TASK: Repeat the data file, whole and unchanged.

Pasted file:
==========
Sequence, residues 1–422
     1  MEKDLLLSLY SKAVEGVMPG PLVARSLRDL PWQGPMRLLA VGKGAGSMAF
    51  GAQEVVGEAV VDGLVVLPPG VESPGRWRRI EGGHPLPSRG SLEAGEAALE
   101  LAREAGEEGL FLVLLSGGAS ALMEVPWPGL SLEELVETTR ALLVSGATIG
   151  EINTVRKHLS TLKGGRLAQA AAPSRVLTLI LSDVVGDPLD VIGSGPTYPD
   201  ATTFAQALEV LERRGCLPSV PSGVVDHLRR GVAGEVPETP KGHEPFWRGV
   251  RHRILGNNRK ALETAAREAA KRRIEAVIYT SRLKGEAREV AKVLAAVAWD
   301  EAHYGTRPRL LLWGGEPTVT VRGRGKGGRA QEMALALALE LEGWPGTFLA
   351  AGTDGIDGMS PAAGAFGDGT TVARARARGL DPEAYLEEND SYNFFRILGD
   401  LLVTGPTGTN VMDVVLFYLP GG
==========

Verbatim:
Sequence, residues 1–422
     1  MEKDLLLSLY SKAVEGVMPG PLVARSLRDL PWQGPMRLLA VGKGAGSMAF
    51  GAQEVVGEAV VDGLVVLPPG VESPGRWRRI EGGHPLPSRG SLEAGEAALE
   101  LAREAGEEGL FLVLLSGGAS ALMEVPWPGL SLEELVETTR ALLVSGATIG
   151  EINTVRKHLS TLKGGRLAQA AAPSRVLTLI LSDVVGDPLD VIGSGPTYPD
   201  ATTFAQALEV LERRGCLPSV PSGVVDHLRR GVAGEVPETP KGHEPFWRGV
   251  RHRILGNNRK ALETAAREAA KRRIEAVIYT SRLKGEAREV AKVLAAVAWD
   301  EAHYGTRPRL LLWGGEPTVT VRGRGKGGRA QEMALALALE LEGWPGTFLA
   351  AGTDGIDGMS PAAGAFGDGT TVARARARGL DPEAYLEEND SYNFFRILGD
   401  LLVTGPTGTN VMDVVLFYLP GG